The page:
If you are a beginner, it's better to opt for a shorter snowboard; however, if you are overweight, a longer board might be more stable.




The common standards for choosing length are rough references, and these methods have a flaw: they do not consider weight. It's hard to imagine a robust individual weighing 70kg and standing at 170cm using the same snowboard as a skinny person of the same height but weighing 50kg. Therefore, incorporating your weight is essential to accurately select the most suitable snowboard.


When snowboarding, the board deforms, and height does not affect this deformation. Your weight directly influences the degree of the snowboard's flex. Top snowboard brands provide recommendations for different lengths suitable for various weight ranges and never use height as the sole criterion. When selecting a snowboard, you can wholly rely on the manufacturer's suggested weight range.


It's important to note that the weight ranges provided for snowboards are only recommendations; exceeding them doesn't mean you can't ride. Don't let weight be the reason you end up with a board that's too long or too short and impacts your riding experience.




There is a certain relationship between your stance width and height, and different board lengths correspond to different stance widths, which will also be indicated by the manufacturer's data. Generally, a stance slightly wider than shoulder width is suitable, but the most important aspect is that you feel comfortable when using the board.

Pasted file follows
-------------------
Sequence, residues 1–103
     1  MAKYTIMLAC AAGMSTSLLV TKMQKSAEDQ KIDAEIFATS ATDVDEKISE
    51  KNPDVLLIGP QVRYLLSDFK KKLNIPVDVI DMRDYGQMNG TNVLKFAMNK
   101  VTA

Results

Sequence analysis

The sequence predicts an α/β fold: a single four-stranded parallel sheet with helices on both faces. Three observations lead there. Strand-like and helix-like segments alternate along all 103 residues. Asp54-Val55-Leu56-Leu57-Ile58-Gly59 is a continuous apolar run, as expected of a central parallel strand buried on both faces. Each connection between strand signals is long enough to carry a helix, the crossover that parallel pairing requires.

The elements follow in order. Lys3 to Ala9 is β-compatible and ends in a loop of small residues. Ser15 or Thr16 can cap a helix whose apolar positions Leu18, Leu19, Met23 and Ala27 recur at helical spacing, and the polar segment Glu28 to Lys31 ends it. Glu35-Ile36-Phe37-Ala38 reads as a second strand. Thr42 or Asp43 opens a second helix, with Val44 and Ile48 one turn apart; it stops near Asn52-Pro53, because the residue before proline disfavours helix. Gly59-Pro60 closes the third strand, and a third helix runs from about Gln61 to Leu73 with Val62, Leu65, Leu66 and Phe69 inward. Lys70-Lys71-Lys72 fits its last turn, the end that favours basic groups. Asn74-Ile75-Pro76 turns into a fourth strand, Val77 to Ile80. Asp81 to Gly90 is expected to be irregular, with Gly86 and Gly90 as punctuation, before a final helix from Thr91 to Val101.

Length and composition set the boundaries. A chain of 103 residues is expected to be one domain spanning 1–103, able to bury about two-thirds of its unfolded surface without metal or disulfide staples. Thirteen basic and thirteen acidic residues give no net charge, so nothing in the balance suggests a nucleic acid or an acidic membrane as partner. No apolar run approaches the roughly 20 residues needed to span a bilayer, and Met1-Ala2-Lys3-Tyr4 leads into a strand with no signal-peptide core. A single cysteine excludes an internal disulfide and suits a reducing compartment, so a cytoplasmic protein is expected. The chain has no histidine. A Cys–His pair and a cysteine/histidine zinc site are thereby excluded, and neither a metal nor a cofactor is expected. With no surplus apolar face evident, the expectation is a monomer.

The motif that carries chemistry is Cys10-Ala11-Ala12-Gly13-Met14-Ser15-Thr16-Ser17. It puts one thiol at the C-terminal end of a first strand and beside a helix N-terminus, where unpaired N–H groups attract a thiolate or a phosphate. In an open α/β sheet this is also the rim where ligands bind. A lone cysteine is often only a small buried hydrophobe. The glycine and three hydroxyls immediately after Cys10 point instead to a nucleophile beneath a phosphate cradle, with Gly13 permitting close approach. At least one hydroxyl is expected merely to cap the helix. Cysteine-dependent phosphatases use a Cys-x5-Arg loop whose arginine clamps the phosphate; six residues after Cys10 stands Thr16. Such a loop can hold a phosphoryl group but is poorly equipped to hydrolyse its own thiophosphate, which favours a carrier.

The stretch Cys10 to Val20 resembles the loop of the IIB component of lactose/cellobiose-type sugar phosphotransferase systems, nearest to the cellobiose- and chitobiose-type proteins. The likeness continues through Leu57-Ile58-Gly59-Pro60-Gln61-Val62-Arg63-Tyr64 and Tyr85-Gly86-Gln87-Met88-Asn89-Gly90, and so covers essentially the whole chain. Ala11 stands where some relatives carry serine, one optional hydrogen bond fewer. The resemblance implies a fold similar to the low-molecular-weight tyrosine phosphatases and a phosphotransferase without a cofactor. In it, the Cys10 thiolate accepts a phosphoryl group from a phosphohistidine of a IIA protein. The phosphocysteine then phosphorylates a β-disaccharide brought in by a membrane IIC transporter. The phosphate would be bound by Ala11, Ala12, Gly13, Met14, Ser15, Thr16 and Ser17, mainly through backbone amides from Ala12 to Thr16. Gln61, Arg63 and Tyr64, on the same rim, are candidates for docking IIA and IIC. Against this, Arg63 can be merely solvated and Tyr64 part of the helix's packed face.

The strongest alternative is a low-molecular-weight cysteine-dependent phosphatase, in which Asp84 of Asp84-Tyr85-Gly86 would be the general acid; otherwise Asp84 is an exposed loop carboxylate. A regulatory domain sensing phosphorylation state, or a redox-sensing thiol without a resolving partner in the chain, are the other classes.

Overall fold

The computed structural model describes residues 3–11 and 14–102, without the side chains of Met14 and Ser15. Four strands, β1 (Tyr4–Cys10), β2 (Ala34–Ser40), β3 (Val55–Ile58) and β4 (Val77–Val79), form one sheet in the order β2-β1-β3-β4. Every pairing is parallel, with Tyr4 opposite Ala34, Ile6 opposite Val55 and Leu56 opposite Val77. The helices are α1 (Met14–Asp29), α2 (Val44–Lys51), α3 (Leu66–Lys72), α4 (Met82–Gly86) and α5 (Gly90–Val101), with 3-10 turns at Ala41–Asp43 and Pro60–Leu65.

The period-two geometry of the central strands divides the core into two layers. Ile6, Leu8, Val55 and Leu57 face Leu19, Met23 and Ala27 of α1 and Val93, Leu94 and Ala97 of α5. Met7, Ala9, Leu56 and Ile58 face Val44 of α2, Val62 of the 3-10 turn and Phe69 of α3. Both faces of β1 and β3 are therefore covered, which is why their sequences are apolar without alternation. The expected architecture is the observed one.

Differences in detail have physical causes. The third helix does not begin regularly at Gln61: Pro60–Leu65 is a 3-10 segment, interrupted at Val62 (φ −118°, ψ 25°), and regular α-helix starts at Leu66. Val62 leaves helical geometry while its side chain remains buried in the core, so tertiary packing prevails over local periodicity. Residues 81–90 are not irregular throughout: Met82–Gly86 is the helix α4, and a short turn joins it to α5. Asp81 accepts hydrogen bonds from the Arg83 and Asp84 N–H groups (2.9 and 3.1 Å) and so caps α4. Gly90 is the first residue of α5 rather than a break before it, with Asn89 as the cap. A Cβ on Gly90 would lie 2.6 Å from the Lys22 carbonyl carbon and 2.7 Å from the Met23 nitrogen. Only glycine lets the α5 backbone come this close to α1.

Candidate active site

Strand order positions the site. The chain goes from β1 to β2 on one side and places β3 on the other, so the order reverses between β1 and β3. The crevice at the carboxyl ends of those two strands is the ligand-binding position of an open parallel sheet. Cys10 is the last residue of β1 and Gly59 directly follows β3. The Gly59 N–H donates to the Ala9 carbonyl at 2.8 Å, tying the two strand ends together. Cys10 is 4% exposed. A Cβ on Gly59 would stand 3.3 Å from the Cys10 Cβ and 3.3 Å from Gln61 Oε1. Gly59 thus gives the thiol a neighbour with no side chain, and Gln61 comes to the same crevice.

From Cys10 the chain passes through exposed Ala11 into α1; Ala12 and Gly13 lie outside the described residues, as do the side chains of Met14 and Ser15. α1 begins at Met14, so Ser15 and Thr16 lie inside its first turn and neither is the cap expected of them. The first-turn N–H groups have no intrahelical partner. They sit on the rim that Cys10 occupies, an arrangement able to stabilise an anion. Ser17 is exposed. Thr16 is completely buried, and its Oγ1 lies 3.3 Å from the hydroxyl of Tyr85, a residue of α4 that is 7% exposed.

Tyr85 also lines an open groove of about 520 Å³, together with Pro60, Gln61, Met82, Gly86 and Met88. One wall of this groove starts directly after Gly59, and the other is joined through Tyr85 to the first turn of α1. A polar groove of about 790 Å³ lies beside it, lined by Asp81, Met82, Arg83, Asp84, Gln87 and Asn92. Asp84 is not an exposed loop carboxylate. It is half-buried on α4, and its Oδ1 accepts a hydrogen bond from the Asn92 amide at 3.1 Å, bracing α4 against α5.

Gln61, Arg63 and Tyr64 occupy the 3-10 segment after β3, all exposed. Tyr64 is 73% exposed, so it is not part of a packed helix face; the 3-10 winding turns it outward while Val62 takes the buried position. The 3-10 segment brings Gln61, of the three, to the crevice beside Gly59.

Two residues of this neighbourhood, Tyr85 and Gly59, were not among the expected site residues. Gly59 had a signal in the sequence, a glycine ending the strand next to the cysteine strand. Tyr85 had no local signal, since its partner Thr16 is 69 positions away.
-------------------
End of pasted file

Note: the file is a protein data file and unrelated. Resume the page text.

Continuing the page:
Snowboard Flex:


Manufacturers typically rate flex from 1-10, with 1 being the softest and 10 being the stiffest. For beginners, selecting a board with a medium flex around 5 is advisable.


For different riding styles, carving requires a stiffer flex to ensure stability at high speeds. In the park, where elasticity is needed for jumps, a flex around 7 or 8 is moderately stiff and more favorable for jump landings. For jibbing, where the speed is generally not too fast but requires a lot of press moves, extreme flexibility is needed, so a flex rating between 1-4 is preferable.


Snowboard Profile:


Snowboard profiles typically include traditional camber, flat, rocker, and various hybrid designs created by brands, which usually combine camber-rocker-camber or flat-camber-flat designs.


Camber is the most traditional profile with the most stable performance and greatest pop, but it has a lower margin for error.


Flat offers a compromise between camber and rocker, blending characteristics of both without excelling at either, improving forgiveness over camber.


Rocker has the highest margin for error but a shorter effective edge compared to the other two at the same length, offering the most float in powder.